August 24, 2019

Bills Regarding Protection Orders and Mandatory Reporters Signed by Governor Hickenlooper

Governor Hickenlooper continues to sign legislation as it crosses his desk. To date, he has signed an impressive 240 pieces of legislation into law. He is expected to sign more bills in the coming days and weeks.

On Tuesday, May 14, 2013, Governor Hickenlooper signed five bills. They are summarized here.

Governor Hickenlooper also signed 12 bills on Wednesday, May 15, and Thursday, May 16, 2013. Five of the bills are summarized here.

It’s not over yet—stay tuned for the latest legislative decisions by Governor Hickenlooper. For a complete list of the bills that have been signed this legislative session, click here.

Colorado Court of Appeals: Defendant’s Daughter Rightly Named as Protected Person Under Mandatory Protection Order Despite Dismissal of Charge

The Colorado Court of Appeals issued its opinion in People v. Sterns on Thursday, May 9, 2013.

Mandatory Protection Order—Victim—Plea Agreement—Sentencing Range.

Defendant appealed from the trial court’s mandatory protection order and sentence. The order and sentence were affirmed.

Defendant was charged with three counts of solicitation to commit second-degree murder for contracting to have his daughter, his ex-wife, and her current husband killed. Before trial, defendant and the prosecution reached a plea agreement in which defendant agreed to plead guilty to an added count of second-degree attempted murder, with his ex-wife and her husband as the only named victims, as well as a crime of violence sentence enhancer, in exchange for dismissal of all other charges. At the plea hearing, the trial court accepted defendant’s plea and entered a mandatory protection order, naming defendant’s ex-wife, her husband, and defendant’s daughter as protected persons.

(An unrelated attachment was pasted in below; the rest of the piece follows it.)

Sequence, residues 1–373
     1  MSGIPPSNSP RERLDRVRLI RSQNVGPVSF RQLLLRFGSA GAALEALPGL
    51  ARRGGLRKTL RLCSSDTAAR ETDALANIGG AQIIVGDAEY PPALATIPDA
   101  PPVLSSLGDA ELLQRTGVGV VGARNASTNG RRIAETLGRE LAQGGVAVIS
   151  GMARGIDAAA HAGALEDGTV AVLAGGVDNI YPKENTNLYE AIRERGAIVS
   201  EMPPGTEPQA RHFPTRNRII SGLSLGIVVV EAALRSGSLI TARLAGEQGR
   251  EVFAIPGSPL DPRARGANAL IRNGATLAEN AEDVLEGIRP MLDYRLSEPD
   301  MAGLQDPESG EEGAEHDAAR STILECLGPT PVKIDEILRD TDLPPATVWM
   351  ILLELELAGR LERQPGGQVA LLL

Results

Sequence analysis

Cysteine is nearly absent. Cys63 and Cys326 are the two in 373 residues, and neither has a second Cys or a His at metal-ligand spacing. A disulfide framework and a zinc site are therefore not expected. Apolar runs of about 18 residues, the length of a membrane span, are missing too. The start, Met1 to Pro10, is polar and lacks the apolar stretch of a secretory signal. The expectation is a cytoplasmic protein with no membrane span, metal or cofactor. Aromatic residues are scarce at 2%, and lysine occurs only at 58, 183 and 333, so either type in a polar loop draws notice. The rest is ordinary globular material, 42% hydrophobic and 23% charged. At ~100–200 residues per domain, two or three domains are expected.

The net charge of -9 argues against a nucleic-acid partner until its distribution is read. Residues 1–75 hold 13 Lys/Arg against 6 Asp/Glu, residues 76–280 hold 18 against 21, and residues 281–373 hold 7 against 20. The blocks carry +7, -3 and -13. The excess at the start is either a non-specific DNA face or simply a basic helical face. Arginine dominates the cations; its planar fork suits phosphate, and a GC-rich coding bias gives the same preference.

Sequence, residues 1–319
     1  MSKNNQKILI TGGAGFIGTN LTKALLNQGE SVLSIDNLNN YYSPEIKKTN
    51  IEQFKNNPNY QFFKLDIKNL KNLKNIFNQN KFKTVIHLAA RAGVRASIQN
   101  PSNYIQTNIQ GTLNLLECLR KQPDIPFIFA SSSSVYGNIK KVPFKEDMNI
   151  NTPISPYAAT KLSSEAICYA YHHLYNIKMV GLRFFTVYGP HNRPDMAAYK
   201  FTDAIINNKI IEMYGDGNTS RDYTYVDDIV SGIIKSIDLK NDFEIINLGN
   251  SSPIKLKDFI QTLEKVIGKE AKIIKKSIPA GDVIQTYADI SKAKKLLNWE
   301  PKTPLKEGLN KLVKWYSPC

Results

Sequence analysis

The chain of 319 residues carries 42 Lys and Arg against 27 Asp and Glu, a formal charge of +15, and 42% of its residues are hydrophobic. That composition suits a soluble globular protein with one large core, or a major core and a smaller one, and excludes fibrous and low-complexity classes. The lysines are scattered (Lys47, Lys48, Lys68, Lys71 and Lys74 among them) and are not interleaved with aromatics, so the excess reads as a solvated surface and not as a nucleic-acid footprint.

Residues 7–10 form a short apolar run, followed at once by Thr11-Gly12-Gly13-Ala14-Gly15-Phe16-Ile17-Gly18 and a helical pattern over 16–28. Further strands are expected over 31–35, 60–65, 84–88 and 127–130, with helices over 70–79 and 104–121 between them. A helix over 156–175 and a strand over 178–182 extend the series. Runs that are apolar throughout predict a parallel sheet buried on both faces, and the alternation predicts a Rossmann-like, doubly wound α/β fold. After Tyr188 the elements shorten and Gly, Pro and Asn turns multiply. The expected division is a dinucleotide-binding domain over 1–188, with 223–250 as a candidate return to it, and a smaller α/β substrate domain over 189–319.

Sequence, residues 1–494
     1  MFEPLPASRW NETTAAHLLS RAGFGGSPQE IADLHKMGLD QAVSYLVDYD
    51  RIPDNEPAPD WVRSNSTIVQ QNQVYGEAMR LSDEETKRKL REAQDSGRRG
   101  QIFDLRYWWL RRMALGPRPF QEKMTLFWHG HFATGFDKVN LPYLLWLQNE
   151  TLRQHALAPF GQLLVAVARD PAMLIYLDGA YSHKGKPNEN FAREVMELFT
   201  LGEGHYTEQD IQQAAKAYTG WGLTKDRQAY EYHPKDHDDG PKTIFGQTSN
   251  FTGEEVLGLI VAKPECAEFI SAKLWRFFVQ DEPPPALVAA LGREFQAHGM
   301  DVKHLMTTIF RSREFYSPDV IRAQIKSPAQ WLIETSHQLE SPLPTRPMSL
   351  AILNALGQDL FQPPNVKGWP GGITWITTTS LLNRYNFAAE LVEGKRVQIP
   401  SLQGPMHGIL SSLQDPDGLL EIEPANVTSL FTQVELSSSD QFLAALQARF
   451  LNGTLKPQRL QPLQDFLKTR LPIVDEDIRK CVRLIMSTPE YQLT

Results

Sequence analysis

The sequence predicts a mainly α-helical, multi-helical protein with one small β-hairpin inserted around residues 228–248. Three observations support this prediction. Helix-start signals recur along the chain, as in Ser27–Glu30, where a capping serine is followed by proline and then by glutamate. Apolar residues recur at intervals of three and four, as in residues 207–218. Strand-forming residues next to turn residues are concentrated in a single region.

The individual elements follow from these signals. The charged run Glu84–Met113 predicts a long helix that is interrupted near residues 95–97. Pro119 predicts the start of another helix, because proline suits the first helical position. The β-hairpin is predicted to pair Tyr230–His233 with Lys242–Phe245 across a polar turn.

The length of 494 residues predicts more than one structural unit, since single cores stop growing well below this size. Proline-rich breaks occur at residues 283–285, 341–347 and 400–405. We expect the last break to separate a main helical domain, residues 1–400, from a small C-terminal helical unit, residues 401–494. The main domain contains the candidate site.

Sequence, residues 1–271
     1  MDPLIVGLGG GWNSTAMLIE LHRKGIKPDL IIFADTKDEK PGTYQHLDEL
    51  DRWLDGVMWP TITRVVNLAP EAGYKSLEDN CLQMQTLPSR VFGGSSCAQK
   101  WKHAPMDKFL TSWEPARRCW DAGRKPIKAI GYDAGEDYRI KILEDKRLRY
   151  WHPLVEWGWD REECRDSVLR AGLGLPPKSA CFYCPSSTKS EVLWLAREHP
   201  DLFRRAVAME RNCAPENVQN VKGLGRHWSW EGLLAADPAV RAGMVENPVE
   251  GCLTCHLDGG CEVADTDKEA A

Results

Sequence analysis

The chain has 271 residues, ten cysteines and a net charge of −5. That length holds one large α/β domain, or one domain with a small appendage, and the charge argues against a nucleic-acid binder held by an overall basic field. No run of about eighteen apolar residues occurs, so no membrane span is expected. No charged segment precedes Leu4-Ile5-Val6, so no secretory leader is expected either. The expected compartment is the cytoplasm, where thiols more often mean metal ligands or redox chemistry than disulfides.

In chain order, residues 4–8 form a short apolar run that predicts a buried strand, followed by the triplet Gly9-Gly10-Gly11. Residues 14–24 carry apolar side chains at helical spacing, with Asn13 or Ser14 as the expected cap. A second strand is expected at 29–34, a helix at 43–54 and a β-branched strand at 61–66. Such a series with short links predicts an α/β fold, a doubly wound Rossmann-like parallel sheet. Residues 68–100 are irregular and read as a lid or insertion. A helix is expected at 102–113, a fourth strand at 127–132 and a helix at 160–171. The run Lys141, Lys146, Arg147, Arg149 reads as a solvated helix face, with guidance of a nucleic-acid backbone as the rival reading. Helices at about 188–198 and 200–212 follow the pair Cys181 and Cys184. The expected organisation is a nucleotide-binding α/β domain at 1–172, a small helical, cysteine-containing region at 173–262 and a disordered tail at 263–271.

On appeal, defendant contended that the trial court lacked statutory authority to name his daughter as a protected person in the mandatory protection order. Adding or dropping a single charge within a multi-charge case does not dispose of the case. Thus, when the trial court dismissed the charge involving defendant’s daughter, it did not thereby dispose of the action against defendant. The action continued pursuant to the plea agreement. Accordingly, the trial court’s mandatory protection order properly included defendant’s daughter.

Defendant also contended that the trial court abused its discretion by sentencing him to a twenty-four-year term of imprisonment. Because this sentence falls within the range agreed to under defendant’s plea agreement, defendant is not entitled to appellate review of this issue.

HB 13-1109: Correcting Language of Mandatory Protection Orders Against Criminals to Encompass Parole Period

On January 18, 2013, Rep. Perry Buck and Sen. Scott Renfroe introduced HB 13-1109 – Concerning the Application of Mandatory Protection Orders to ParoleesThis summary is published here courtesy of the Colorado Bar Association’s e-Legislative Report.

Under current law, a mandatory protection order is created against any person charged with a criminal offense. The order restrains the person charged from harassing, molesting, intimidating, retaliating against, or tampering with any witness to or victim of the acts charged. The protection order remains in effect until final disposition of the action.

For the purposes of these provisions, the bill amends the definition of “until final disposition of the action” to clarify that a defendant shall not be deemed to have been released from incarceration until the defendant has also been discharged from any period of parole supervision that follows such incarceration. On Feb. 12, the House gave final approval of the bill; the bill is assigned to the Judiciary Committee in the Senate.